Humanity has taken on infectious agents, such as the virus that causes smallpox, and won. But cheer quietly. Smallpox eradication took 200 years, and it’s just one of the many diseases out there.
But hey, researchers are nothing if not persistent, right?
That’s true for the researchers in Mayo Clinic’s Vector and Vaccine Engineering Laboratory. They are taking on some of humanity’s biggest medical problems. Lab Director Michael Barry, Ph.D., has worked for almost 30 years on gene and virus therapies, but also on developing new vaccines against infectious diseases and for cancer.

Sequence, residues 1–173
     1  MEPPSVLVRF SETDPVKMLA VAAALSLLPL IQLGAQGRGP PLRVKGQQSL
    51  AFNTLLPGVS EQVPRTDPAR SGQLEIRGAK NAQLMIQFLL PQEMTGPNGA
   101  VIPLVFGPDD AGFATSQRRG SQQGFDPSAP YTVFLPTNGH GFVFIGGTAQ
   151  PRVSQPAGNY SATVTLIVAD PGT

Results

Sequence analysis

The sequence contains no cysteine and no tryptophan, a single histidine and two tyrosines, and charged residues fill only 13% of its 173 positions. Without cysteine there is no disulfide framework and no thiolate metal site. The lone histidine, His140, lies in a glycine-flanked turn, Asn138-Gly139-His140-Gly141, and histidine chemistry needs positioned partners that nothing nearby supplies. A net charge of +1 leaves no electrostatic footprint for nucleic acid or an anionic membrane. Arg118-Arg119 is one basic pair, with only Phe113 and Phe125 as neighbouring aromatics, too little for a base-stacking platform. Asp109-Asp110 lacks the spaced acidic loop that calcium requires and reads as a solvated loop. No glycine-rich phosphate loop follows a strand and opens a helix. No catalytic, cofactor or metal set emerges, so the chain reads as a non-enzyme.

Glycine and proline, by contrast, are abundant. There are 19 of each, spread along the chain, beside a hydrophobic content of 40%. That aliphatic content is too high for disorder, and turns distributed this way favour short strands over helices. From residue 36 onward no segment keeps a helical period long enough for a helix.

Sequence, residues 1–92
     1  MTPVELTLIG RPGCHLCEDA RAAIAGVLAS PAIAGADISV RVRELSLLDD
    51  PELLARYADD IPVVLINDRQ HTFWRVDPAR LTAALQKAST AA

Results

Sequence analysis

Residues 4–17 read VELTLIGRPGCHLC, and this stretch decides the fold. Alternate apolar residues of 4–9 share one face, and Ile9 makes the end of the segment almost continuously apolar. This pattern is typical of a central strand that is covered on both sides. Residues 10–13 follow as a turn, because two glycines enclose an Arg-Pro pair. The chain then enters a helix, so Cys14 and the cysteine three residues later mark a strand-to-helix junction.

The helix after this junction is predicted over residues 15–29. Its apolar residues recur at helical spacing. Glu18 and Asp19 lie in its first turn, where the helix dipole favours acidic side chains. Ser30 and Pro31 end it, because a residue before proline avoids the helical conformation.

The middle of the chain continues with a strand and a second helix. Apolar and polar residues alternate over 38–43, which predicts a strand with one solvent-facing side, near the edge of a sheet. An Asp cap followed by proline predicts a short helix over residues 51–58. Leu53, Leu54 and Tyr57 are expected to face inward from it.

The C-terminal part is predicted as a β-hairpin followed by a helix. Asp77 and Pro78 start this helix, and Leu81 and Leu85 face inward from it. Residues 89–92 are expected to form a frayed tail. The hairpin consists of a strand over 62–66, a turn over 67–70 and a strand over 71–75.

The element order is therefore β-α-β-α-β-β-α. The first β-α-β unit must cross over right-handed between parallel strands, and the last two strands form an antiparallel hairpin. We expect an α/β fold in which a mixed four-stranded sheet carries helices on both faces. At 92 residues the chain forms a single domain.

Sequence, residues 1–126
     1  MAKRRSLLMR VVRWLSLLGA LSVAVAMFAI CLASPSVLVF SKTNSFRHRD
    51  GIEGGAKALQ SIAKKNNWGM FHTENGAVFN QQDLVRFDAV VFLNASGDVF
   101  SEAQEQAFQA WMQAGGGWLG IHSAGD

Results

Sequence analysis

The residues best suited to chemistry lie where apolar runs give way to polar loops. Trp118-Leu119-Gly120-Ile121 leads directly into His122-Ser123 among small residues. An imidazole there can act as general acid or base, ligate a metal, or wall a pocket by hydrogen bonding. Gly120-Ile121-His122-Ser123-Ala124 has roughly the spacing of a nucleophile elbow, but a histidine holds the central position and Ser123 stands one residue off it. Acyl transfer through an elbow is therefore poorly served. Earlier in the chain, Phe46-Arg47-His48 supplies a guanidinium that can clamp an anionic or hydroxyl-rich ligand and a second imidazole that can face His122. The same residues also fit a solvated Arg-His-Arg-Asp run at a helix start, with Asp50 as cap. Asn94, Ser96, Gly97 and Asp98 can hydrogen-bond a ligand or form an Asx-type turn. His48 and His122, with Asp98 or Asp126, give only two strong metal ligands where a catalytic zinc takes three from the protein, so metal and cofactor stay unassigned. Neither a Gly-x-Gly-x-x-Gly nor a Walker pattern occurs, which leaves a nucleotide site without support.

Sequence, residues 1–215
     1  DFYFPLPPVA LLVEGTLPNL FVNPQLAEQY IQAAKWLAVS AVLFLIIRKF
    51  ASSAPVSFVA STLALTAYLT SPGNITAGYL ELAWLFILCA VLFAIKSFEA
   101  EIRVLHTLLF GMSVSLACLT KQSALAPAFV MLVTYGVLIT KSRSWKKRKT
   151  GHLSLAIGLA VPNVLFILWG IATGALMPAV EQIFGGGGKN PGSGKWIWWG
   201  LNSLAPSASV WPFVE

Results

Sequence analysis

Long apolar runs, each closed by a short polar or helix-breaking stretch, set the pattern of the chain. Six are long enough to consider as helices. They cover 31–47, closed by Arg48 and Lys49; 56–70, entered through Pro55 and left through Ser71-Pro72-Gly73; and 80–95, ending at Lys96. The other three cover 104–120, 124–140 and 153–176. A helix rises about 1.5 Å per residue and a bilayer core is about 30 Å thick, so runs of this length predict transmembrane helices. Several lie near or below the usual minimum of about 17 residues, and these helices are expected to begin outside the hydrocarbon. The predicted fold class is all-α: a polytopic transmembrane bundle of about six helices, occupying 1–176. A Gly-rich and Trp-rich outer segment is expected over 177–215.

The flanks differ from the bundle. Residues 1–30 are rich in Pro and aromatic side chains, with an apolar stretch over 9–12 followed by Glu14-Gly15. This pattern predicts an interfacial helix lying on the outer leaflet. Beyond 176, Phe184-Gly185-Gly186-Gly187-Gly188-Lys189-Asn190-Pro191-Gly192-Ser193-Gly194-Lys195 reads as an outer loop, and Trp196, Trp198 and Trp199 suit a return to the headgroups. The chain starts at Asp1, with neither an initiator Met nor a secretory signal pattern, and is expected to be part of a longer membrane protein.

Even though vaccines are generally associated with infectious diseases, the definition is broader. A vaccine is any agent that causes the immune system to remember a specific disease-causing entity, thereby preventing future infections. So, a vaccine for cancer might contain a protein specific to the cancer cells; or a protein linked to a bacterial infection with Clostridium difficile; or of course, a protein from a virus. And because the protein is just a small piece of the target organism, the vaccine can’t cause that disease, but it’s enough to ring alarm bells in the immune system.
But how to get those proteins into the body safely?
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